Eagle's Wings Community Church

Integrating Faith – Not Blind Ignorance

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“I Grow Therefore I am Alive”: My integration Journey

                I hope I don’t lose you all with this first paragraph.  My processes and definitions seem to be rather unique and confusing, but I feel the need to define “integration” before I can offer some thoughts about its journey and how it relates to faith.  If it is not clear as to how my processes might be confusing it will be when I start this next sentence.  In Math, differential equations involve continuously varying quantities.  Integration gives these continuously varying quantities a postulated rate of change which is then used to solve the differential equation.  For this reason any given integration is only the answer so long as these varying quantities stay as they are, but as soon as they change a new integration is needed.  This is as true in life as it is in math.  This means that in order to attempt to find integration in life one first has to discover life’s varying qualities.  For this reason the only integration we can hold in life is a continuously changing one.   I must take on each moment as it comes, quieting myself enough to seek the varying qualities of the moment, it is only then that I can find my present state of integration; centering myself, then letting it go so that I can repeat the process for my life’s next set of varying qualities.

                So how does this apply to faith?  Spending the first 20 or so years of my life thinking that my life was constant, that it had only one set of qualities and that it was as simple as figuring them out, made a journey of integration impossible.  I grew up with the mindset that my life held universal truth, that the bible had one set of answers and that I had one God -given role amidst that truth.  From that mindset I was then instructed as to what most of those truths were and what “the biblical worldview” was in the midst of these truths.  In a sense I believed I had everything, I had life figured out and didn’t need to worry about life’s varying qualities; or so I thought.  My first big turning point in life’s integrative journey showed me that rather than having it all figured out I had simply closed off my mind to the alternatives, rather than knowing the one biblical worldview I had simply cut out the heart of my relationship with God in order to get cheap answers.  Rather than arriving  at a place of understanding concerning life’s varying qualities I had instead come to a place of stagnation and a complete loss of self.

                This first big turning point came in the form of challenging my mind through the rigors of secular philosophy.  I developed an interest in philosophy late in high school and decided that it would be a fun major to pursue in college.  Little did I know that I was signing myself up for a lifelong passion as well as a more immediate introduction to integration.  After trudging through two years of philosophy professors scoffing at universal truth and trashing a belief in the scriptures one of my unvarying qualities began to wander and it was the quality that held it all together, namely that I had no varying qualities, that I had it all together, that I had all life’s answers.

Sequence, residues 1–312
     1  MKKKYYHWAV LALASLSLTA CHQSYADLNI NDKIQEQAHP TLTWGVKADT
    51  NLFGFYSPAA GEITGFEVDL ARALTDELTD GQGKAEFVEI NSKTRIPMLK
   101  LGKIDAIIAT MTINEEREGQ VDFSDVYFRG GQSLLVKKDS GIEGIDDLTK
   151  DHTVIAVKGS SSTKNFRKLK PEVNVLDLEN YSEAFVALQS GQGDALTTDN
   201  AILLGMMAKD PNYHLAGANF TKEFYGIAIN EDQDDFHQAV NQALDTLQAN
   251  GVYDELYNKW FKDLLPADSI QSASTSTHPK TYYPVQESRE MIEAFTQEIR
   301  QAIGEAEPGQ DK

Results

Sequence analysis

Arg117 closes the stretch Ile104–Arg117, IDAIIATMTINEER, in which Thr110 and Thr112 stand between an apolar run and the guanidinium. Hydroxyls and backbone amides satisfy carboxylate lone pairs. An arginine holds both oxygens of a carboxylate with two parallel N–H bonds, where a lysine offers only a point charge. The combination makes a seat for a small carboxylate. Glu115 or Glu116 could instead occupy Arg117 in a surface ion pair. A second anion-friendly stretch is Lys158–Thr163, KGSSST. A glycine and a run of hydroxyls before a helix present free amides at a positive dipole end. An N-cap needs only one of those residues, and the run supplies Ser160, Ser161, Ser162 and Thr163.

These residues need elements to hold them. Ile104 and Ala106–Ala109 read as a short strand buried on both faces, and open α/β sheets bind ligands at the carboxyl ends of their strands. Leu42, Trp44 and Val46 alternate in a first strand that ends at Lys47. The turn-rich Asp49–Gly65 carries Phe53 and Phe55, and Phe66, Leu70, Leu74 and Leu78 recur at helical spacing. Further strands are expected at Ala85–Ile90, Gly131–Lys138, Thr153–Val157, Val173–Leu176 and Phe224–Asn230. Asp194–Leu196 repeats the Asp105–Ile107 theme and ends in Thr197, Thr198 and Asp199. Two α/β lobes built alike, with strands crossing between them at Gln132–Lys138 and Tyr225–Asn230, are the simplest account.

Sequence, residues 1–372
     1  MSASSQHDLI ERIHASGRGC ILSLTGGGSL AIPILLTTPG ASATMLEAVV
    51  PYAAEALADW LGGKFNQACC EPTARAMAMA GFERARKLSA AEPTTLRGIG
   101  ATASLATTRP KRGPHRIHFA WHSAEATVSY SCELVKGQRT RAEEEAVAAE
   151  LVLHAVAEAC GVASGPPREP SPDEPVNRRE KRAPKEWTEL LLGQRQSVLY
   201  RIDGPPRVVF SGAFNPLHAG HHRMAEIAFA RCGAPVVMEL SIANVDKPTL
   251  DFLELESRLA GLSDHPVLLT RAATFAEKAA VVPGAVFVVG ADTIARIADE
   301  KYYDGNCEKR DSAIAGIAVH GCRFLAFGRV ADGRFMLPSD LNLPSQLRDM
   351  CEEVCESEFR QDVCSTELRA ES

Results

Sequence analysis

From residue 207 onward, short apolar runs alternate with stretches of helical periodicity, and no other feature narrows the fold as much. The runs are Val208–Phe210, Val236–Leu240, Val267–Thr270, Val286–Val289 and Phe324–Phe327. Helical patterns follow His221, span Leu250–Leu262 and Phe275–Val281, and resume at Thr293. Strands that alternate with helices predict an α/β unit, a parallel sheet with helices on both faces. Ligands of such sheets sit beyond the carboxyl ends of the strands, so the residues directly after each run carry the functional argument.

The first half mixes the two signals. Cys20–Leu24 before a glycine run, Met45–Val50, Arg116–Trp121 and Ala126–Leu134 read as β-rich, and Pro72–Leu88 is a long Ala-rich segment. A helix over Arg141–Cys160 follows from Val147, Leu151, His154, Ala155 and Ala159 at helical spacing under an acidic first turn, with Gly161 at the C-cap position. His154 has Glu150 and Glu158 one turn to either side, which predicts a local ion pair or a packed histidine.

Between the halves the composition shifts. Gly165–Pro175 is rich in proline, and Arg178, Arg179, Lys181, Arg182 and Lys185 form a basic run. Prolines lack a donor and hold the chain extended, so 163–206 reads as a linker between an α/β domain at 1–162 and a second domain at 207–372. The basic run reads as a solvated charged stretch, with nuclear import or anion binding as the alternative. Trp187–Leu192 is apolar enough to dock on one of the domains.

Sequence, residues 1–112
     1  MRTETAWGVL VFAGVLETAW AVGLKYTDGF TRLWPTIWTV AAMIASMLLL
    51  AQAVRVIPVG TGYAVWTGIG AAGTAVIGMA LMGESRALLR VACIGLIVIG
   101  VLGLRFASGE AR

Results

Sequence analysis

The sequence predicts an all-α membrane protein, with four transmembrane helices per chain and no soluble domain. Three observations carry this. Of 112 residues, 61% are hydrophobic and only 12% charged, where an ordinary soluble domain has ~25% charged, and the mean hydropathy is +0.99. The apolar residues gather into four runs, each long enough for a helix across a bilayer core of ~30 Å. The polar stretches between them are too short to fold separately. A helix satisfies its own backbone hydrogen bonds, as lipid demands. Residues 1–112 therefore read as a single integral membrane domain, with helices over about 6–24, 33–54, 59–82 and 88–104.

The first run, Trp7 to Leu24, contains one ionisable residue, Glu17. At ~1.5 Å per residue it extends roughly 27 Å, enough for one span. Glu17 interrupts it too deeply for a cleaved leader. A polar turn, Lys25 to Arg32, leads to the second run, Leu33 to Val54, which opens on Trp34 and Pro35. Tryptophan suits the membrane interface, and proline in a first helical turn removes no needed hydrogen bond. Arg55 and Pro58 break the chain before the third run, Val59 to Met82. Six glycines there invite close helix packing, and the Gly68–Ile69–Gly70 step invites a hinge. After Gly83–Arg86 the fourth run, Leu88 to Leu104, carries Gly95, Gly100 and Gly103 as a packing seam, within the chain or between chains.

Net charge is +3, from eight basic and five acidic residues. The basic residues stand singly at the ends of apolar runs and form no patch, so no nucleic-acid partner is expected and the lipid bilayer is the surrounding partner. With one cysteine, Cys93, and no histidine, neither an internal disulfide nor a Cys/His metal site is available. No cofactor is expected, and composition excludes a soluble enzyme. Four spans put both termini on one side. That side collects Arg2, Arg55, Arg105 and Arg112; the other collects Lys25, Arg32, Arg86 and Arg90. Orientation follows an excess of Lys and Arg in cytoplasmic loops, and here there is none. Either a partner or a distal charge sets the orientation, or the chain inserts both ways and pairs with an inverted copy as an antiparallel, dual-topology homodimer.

Ironically my professor’s scoffing at religion had pushed me first to agnosticism and then to a place of renewed faith.  Knowing that God wasn’t nearly as easy to figure out as I thought gave me renewed vigor to explore who He was, is and will be.  In this way I lost my faith because of never really finding it only to find it by losing everything I knew about it.  I found my life’s integration journey only by relinquishing the fact that I had completed it.  I resolved to follow in the thought of Renee Descartes and start all over in my thinking.  But, rather than, “I think therefore I am” I started with “I grow therefore I am alive”.  If my mind had ceased to find new answers then it had succeeded only in ceasing to be alive.

                Over the years my relationship with God has seen its challenges, mostly due to pain and suffering.  I found myself asking if it was worth the growth, if it was worth the relationship if it also meant suicide, broken homes, and various abuses of power.  Why would God allow my uncle to rape his six year old niece?  Why would God allow my brother to fall again and again to drugs?  Why would God let cancer take my grandparents? And most of all why is God equally open to relationship with rapists, drug addicts, and bigots as he is to those grandparents who lived their lives to serve others?  Perhaps it is because without freedom for all there is no growth for any, and perhaps it is because no matter how bad things get or how horrible people become they still have that potential for growth in them.  It is the willingness to hold on to this potential in all people that makes God love.  It is my hope that this piece of my journey will help others in moving from a faith of knowing to a faith of growing.

P.S.  For information on participating in our dialogue group, click on the “Become A Participant” tab and tell us if you’d like to join us in person or via the web.  We’d love to be in community with you!


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Click HERE for a Tithing Introduction Video

How should people in the church give?  Many church leaders, to varying degrees, teach that members should tithe to the church.  So, let’s take a look at whether this Old Testament law has transferred over to the church.

Tithing can be traced back before the temple and the Old (Mosaic) Covenant.  It was an established Middle Eastern custom whereby the tenth was considered to belong to the king.  The first example is when Abram gives Melchizedek a tenth of everything after he rescues his nephewLot(Gen14:20).  It’s important to note that scripture does not reference God giving the directive to do so.  Nether does He do so after Jacob’s dream (Gen 28:22).  These examples are more like an earthly tax rather than a kingdom offering.  Therefore, they should not be used to substantiate current day tithing.

The first appearance of tithing that is directed by God as a kingdom practice is when the Lord spoke to Moses and told him to tell the Israelites that the tenth was to be set aside as holy to God (Lev 27:30).  The tithe was comprised of crops and livestock.  If they originated fromIsrael, they were to be brought to the tabernacle in early times and the temple inJerusalemin latter times.  If the person paying the tithe lived too far away to transport their goods, they could redeem their goods for money and pay the tithe that way.  However, they would be required to add an extra fifth to their payment (Lev 27:31).